$5 + booking fee


Sat 26 Mar
4:00 pm – 6:00 pm


Perimeter Books
734 High Street, Thornbury VIC, Australia

Photo by Hamish McIntosh for ‘Regional Bureaucracy’ (2022)

Launch: Regional Bureaucracy (Perimeter Editions 068) Past Event

Presented by Perimeter

To celebrate the long-awaited release of Regional Bureaucracy (Perimeter Editions 068), Perimeter is thrilled to present a book launch and panel discussion with authors Guillermo Fernandez-Abascal and Hamish McIntosh.

Every regional city and town has basic amenities of some description. A post office, a school, a town hall, a police station, and sometimes, a swimming pool. Across the Australian state of New South Wales (NSW), the majority of these buildings were designed by the NSW Government Architect’s Office (GAO), most prolifically over a period of thirty years from 1958 to 1988. These civic structures – equally recognisable and indistinguishable in their form and wider sensibilities – create an oeuvre of public architecture that is both statewide and specifically local. Yet, due to the fact that these buildings largely act in service of our daily lives and routines, they are often perceived as exceedingly ordinary and overlooked as serious architecture.

Led by architect and academic Guillermo Fernandez-Abascal, photographer Hamish McIntosh and a team of contributors – including Jordan Bamford, Jack Cooper, Christopher Kerr, Billy McQueenie, Nyoah Rosmarin and others – Regional Bureaucracy corrals these buildings as a distinct, if not idiosyncratic, collection. Utilising new drawings, photographs and stories, the book outlines a body of work that stands as recent evidence of how modern architecture can construct a state – albeit a complicated and ambitious one.

This is not a monograph of the GAO. The goal was not to capture an exhaustive or historical ‘truth’, nor to form a clear argument about the GAO’s output and production. Rather, Regional Bureaucracy – anecdotally, analytically and always critically – presents a selection of relevant regional works that reveal an architectural mode that is distinctly ‘good enough’. None of the GAO’s projects are presented in a comprehensive manner here. Instead, this book draws a looser fabric of observations and details, leaving the reader with the space to make their own interpretations and, perhaps, the inspiration to visit the buildings themselves.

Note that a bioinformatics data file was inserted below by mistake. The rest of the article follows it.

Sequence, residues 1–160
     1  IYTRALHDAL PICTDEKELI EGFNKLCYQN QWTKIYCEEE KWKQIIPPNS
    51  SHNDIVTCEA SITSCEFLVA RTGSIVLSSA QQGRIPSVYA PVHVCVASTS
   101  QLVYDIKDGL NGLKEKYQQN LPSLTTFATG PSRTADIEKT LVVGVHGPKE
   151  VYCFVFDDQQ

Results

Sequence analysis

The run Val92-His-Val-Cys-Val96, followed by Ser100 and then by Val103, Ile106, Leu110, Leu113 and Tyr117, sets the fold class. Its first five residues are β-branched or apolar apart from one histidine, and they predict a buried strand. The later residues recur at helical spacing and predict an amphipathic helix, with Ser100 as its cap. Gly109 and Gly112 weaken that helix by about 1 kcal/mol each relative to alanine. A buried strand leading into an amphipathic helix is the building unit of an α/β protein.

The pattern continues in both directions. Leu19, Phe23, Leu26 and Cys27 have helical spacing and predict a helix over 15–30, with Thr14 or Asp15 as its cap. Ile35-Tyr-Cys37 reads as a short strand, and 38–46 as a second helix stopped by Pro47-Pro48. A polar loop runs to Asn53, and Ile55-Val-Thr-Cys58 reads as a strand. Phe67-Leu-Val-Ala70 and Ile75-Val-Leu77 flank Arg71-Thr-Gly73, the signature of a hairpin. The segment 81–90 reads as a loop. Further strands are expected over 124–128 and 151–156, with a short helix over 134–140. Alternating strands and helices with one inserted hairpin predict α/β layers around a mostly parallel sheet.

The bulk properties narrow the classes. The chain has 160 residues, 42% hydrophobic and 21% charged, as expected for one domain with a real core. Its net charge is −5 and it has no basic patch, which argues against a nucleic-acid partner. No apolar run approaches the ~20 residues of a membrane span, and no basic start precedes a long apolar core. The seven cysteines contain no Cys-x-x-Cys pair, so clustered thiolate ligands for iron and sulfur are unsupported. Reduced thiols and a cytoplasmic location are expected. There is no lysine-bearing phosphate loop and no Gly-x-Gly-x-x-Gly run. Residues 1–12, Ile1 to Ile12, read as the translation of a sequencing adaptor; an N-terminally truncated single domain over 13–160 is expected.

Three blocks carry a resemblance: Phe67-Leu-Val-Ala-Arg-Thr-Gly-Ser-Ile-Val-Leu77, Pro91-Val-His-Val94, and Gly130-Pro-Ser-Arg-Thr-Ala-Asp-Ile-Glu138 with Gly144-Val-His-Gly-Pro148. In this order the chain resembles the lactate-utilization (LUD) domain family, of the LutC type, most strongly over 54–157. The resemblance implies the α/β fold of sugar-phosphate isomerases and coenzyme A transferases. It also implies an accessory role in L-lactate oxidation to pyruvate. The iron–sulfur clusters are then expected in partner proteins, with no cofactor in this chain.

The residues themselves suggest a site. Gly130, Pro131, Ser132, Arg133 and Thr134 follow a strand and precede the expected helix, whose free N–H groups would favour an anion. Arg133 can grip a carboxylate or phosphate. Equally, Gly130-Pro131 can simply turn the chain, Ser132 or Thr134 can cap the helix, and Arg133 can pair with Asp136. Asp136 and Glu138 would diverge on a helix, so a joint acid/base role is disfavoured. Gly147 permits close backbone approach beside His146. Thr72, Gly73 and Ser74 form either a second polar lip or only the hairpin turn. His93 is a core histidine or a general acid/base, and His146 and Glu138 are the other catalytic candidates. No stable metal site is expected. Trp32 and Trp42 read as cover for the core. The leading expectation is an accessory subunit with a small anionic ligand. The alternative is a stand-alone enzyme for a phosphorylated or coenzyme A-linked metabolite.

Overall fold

Guillermo Fernandez-Abascal

Guillermo Fernandez-Abascal is an architect, a Practice Fellow at the University of Sydney, and founding partner of the offices GFA2 and GFA. Based in Sydney, Australia, and Santander, Spain, his recent work destabilises the dichotomy of research versus buildings and includes diagrams, stories, exhibitions, films, prototypes, housing, and public buildings across the globe. His recent projects include the book Learning to Live Together: Cars, Humans, and Kerbs in Solidarity, the exhibition Better Together: Stories of Contemporary Documents, the research project The Future of Living, the building for the Enaire Foundation in Santander, and the masterplan for the Machine Khana in Kabul, Afghanistan.

Hamish McIntosh

Hamish McIntosh is a photographer based in Sydney, Australia. His work explores urbanism, the built environment and the relationship between photography and architecture. His images have been featured in several exhibitions and publications, including Quality, Control (Post-, 2019) and Better Together: Stories of Contemporary Documents (MADA Gallery, 2020). He has also produced work for various architectural practices, including Andrew Burges Architects, Common Office, Supercontext and Youssofzay + Hart. Hamish completed his Bachelor of Design in Photography (Honours) at the University of Technology, Sydney.